Sprouting seeds is an easy way to provide vitamins, minerals, and trace elements to your bird and your bird will love them. Don’t be intimidated by all the different directions for sprouting. There are thousands of different recommendations out there. The good news is that they all work so feel free to experiment. The key thing is to “Just do it!” Vitamins, Minerals, and trace elements are released during sprouting. Basically, sprouting is the beginning process of the seed turning into a plant. However, sprouting isn’t limited to seeds. Seeds, grains and legumes can be used as sprouting sources. They will begin to swell when soaked in water. The germination process will begin and the nutritional value of the seed will change. One particular change is the protein level increases.

Sprouting seeds and seed-sprouter equipment (though not necessary) can be purchased at most health food stores. Seed-sprouters are basically jars with a lid that allows airflow (wire mesh). Simple dinner plates can be used instead of seed-sprouters as described in the directions below. Some good sprouting sources for beginners are sunflower seeds, mung beans, lentils and wheat berries. Other sprouting sources are amaranth, azuki, alfalfa, barley, buckwheat, canary grass, corn, popcorn, millet, oats, rice, rye, triticale, kamut, spelt, almonds, broccoli seeds, cabbage seeds, kale seeds, fenugreek seeds, teff, pumpkin seeds, radish seeds, quinoa, clover, garbanzo (Chickpeas) beans. As mentioned previously, there are several methods for sprouting. The key elements of the simple process are described below.

  1. cover sprouting seeds in tap water
  2. soak in tap water for an appropriate time (see below)
  3. rinse with tap water
  4. place on plate and cover with another plate
  5. wait until seeds grow small tails
  6. rinse with tap water twice daily while waiting on small tails
  7. drain off water on paper towel
  8. ready to eat

One word of caution, sprouts have a very short shelf life and can be dangerous if they mold.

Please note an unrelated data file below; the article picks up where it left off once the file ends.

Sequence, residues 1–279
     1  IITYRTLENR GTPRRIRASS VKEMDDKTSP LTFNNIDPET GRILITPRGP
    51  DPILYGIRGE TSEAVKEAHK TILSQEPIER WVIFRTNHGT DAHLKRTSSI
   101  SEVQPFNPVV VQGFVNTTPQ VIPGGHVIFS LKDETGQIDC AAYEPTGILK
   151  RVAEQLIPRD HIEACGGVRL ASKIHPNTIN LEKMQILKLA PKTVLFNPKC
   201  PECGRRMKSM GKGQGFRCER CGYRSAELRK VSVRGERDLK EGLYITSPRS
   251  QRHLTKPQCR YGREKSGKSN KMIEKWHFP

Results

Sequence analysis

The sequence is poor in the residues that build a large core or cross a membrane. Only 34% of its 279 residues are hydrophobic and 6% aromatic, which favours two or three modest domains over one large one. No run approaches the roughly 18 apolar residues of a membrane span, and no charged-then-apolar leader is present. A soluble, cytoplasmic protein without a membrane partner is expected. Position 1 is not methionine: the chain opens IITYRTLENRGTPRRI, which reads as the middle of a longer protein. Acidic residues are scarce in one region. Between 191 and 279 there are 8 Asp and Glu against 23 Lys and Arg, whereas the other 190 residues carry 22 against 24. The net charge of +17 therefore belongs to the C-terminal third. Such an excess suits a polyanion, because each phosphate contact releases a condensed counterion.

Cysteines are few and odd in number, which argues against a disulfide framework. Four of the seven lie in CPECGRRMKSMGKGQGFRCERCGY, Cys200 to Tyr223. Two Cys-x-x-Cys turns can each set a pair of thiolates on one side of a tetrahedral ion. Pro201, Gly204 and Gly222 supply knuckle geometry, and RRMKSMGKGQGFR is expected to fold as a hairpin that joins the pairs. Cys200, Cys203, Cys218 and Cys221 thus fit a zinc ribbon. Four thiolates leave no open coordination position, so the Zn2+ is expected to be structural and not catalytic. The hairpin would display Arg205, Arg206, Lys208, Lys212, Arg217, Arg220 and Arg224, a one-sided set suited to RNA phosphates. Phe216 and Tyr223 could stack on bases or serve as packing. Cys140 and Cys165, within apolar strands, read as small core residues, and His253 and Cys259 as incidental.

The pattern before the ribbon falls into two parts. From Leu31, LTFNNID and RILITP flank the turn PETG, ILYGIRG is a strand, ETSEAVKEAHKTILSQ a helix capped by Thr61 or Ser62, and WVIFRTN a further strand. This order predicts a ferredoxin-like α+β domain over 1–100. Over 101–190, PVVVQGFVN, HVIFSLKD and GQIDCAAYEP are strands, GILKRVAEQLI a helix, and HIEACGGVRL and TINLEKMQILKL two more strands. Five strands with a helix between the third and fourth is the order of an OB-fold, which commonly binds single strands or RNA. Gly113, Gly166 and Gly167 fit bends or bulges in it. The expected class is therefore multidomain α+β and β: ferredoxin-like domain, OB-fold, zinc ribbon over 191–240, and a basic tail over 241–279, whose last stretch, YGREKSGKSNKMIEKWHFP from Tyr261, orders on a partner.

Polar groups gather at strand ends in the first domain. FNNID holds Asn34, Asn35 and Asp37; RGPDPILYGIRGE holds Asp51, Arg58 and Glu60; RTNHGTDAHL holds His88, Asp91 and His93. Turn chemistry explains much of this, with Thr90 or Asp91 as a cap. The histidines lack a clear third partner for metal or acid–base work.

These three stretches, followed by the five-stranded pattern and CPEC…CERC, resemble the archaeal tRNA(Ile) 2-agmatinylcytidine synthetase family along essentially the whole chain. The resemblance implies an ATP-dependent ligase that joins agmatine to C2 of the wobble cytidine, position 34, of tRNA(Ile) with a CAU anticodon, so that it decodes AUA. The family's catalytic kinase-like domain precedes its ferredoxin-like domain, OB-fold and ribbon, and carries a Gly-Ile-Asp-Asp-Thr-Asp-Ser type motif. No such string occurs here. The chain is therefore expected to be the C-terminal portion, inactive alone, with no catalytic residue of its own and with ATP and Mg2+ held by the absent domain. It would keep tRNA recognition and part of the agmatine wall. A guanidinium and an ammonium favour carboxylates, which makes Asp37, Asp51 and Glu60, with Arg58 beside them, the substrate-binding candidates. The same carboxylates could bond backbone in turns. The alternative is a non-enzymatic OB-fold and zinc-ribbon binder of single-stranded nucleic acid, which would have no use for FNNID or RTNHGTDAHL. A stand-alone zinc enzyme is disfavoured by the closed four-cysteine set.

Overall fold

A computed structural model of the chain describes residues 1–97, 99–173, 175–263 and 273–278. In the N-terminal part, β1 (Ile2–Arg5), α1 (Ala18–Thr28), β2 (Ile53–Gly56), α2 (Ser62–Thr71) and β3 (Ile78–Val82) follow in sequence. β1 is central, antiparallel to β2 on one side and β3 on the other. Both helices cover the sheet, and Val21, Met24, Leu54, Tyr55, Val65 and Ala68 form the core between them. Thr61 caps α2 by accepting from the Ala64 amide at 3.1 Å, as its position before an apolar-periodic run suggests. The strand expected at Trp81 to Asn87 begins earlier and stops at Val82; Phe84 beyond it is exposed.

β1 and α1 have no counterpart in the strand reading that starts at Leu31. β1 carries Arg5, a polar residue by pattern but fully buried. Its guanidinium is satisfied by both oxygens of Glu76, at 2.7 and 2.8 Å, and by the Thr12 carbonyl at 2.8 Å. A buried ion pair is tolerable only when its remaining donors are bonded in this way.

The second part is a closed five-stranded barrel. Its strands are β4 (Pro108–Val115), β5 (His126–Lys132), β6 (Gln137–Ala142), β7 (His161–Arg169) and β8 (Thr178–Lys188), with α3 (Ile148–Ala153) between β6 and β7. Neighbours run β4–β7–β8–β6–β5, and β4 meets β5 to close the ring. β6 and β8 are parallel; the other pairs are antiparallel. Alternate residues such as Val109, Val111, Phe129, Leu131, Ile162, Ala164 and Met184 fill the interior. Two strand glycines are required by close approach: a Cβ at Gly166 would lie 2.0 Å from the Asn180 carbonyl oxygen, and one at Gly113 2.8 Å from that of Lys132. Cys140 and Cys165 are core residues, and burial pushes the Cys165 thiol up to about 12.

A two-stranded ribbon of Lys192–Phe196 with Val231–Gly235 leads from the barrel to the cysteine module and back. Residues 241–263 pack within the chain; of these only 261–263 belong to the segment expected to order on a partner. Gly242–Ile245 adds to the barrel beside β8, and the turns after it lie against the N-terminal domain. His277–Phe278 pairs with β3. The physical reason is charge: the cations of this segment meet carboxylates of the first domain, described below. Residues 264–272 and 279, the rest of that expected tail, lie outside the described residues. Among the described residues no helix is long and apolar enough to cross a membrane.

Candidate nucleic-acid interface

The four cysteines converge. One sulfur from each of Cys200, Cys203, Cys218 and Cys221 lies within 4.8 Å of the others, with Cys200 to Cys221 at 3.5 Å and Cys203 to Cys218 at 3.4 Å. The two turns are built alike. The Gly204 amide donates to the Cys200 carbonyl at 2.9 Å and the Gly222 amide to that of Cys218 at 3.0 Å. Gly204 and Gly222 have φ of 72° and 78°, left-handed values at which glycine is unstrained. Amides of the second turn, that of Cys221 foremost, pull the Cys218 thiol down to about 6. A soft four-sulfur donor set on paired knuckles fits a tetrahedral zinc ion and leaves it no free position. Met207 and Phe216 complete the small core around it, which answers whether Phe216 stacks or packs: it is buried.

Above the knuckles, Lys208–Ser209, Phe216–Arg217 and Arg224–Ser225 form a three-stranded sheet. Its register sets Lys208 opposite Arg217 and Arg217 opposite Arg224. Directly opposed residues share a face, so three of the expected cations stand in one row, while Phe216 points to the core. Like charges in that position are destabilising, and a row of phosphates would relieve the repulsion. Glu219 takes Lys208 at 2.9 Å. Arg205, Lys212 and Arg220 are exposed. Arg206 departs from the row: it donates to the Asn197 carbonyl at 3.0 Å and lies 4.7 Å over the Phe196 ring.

The process is very forgiving and that is why there are several descriptions of the process that all work. If you use small sprouting seeds then step 2 can be a few minutes. For example Buckwheat only needs to be soaked for 15-30 minutes while Barley needs to be soaked for 8-14 hours. Step 5 also depends on the sprouting seed and may not take as long as 24 hours. For example sunflowers usually sprout in about 18 hours while Alfalfa can take 6-8 days. As soon as the seeds starts to grow a little tail then it can be fed to your bird. If you wait too long, it will grow a big root and lose its nutrients. The small tail or “short sprout” is a sign that it is ready to be fed to your bird. A “long sprout” is typical of a sprout for human consumption. Also some sprouters prefer to rinse with an antibacterial solution such as Grapefruit Seed Extract (GSE) or a very diluted bleach solution instead of regular tap water. In my opinion this isn’t necessary but it doesn’t affect the process. You can refrigerate sprouted seeds for a couple days. However, it is recommended that you rinse them daily until they’re used to remove the harmful by-products of the sprouting process.

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